Nissl body: anatomy, features and functions

Research and exploration of the human brain and the structures that form part of it have been constant since ancient times. The neuron as the basic unit of the nervous system has been specially studied, using strategies such as using different spots to observe its structure.

The German neurologist Franz Nissl developed a stain based on dyes such as toluidine blue or cresil violet, and before its application was able to see how this substance clearly showed the existence of different structures in the neuronal cytoplasm. They had discovered what we know today as corpuscles or Nissl bodies.

Nissl body: what are they?

Nissl bodies or ergastoplasm they are small structures in the shape of corpuscles or granules present in neurons of the nervous system. These structures are found in the cytoplasm of the cell and are located in specific parts of the neuron. They can be found in particular in the soma or the nucleus of the neuron and also in the dendrites, not being in the neuronal axon.

Nissl bodies are considered clumps of rough endoplasmic reticulum. In other words, they are structures formed by cisterns parallel to ribosomes (enzymatic structures in ribosomal RNA) attached in a spiral, in which also those that can also be seen free of polyrribosomes. These bodies appear only in eukaryotic cells, that is, those which have a nucleus like neurons, and which have the function of secreting proteins.

They are also basophilic structures, characterized by affinity and ease of staining by dyes. In these structures there a high concentration of ribosomal and messenger RNA, The active ribosomes being attached to the latter.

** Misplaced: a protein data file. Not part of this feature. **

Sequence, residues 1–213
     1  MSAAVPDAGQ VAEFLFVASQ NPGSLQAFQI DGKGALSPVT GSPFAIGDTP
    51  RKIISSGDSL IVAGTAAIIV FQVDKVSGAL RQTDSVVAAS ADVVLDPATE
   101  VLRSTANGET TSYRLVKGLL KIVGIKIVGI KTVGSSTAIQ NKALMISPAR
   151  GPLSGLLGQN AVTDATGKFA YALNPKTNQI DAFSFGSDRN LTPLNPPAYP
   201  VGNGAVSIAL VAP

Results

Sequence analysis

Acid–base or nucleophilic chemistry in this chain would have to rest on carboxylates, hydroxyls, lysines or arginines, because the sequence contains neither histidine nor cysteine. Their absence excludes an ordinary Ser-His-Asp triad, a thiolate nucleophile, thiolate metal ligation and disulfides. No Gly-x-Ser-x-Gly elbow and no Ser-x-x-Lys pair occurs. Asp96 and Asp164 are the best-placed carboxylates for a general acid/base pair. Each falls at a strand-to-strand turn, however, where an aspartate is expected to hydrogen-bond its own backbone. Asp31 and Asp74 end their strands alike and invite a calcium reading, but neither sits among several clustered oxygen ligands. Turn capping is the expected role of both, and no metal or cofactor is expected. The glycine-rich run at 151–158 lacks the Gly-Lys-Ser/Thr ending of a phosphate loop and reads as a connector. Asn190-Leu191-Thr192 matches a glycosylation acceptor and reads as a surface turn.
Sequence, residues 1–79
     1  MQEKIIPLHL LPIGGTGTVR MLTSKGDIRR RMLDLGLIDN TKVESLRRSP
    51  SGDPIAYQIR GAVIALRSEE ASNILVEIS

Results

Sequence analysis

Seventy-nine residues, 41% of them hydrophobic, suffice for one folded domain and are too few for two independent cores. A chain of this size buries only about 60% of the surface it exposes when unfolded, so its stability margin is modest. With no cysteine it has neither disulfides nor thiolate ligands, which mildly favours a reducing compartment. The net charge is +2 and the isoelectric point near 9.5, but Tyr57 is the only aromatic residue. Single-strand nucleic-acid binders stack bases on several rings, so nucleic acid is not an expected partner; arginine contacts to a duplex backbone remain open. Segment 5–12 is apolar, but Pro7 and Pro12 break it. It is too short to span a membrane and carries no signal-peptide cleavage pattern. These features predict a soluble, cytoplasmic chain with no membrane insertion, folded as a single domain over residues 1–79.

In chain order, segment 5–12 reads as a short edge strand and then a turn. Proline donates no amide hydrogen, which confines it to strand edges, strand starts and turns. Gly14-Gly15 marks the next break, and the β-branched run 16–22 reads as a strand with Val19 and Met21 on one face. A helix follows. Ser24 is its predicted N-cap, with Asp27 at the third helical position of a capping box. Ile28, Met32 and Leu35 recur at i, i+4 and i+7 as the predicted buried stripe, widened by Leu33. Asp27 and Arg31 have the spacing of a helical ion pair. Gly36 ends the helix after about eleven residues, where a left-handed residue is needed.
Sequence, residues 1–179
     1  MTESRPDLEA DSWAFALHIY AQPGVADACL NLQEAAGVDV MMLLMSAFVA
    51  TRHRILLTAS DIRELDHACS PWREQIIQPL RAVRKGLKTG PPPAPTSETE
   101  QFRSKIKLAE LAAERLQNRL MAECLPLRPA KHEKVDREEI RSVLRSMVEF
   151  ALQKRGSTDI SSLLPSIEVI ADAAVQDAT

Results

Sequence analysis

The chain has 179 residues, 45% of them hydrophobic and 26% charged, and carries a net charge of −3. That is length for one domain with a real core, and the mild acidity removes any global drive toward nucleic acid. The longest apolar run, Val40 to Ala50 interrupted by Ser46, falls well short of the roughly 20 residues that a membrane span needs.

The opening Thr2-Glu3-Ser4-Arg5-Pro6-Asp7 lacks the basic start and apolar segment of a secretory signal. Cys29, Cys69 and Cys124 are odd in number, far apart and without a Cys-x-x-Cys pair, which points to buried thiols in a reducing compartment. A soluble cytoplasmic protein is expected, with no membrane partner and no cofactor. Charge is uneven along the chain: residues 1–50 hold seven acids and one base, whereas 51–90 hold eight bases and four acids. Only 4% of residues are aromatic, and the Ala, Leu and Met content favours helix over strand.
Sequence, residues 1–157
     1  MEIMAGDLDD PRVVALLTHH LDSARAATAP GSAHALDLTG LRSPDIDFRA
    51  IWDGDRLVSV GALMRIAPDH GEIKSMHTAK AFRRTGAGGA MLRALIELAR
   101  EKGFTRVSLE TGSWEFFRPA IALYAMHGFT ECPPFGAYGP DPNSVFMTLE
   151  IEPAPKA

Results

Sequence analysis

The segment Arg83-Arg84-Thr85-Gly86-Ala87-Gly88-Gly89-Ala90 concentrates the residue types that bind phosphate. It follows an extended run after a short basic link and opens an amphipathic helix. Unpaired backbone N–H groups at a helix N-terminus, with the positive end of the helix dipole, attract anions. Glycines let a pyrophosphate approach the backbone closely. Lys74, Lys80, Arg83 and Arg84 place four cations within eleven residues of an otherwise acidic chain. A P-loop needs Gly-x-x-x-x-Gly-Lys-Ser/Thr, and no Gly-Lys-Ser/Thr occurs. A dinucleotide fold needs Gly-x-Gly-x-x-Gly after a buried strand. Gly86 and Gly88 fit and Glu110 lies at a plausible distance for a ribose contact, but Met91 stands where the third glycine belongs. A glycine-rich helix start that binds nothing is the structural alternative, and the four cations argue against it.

They can have different sizes and be available in different quantities depending on the type of neuron. Those that are part of the autonomic nervous system ganglia tend to be small, while other large neurons generally benefit from large Nissl bodies.

    Function of these structures

    Nissl body, as conglomerates of rough endoplasmic reticulum in which ribosomes are observed and in which both ribosomal RNA and messenger RNA are found, their main function is the synthesis and transport of proteins inside the cell. Specifically, the part of Nissl’s body that has the most action when it comes to generating proteins for use inside the cell are the free polyribosomes.

    The proteins secreted by these organisms are essential for transmit nerve impulses between neurons, In addition to participating in the generation of neurotransmitters.

    In addition, Nissl’s body plays an important role in maintaining the health of the cell, allowing the regeneration of structures damaged by the neuron’s own activity or by external factors.

    Chromatolysis as a defense against neuronal damage

    Nissl bodies can be damaged by possible injuries or pathologies. Neural damage such as that caused by trauma and disease they can damage the axon.

    The presence of axon damage causes the neuron to react by swelling and moving the nucleus away from the lesion. It also works by giving a response called chromatolysis, in which Nissl bodies move from the neuronal cytoplasm to the injured area in order to repair it. Reorganization and regeneration of the axon is allowed, so that the functionality of the neuron is recovered, but while it is happening Nissl’s bodies dissolve. Fortunately, if the neurons are recovered, chromatolysis ceases and the cytoplasm can recover and form new bodies.

    This reaction can appear as we have said when dealing with injuries caused by trauma, but it has also been observed in various disorders. It is common to observe its onset in neurodegenerative processes such as dementia due to Pick’s disease or Alzheimer’s disease (in fact, the changes in the cytoplasm that cause this event are often taken as a sign neuronal degeneration, so its occurrence may be a possible danger sign), in Wernicke encephalopathy of Wernicke-Korsakoff syndrome, diseases such as porphyria or some infectious diseases. It can also be observed in normative aging or in the face of a situation of great continuous stress for the individual.

    Bibliographical references:

    • Gómez, M. (2012). Psychobiology. CEDE PIR preparation manual 12. CEDE: Madrid-
    • Ramón and Cajal, S. (2007). Histology of the nervous system of man and vertebrates. Tom i. Ministry of Health and Consumer Affairs. Madrid.

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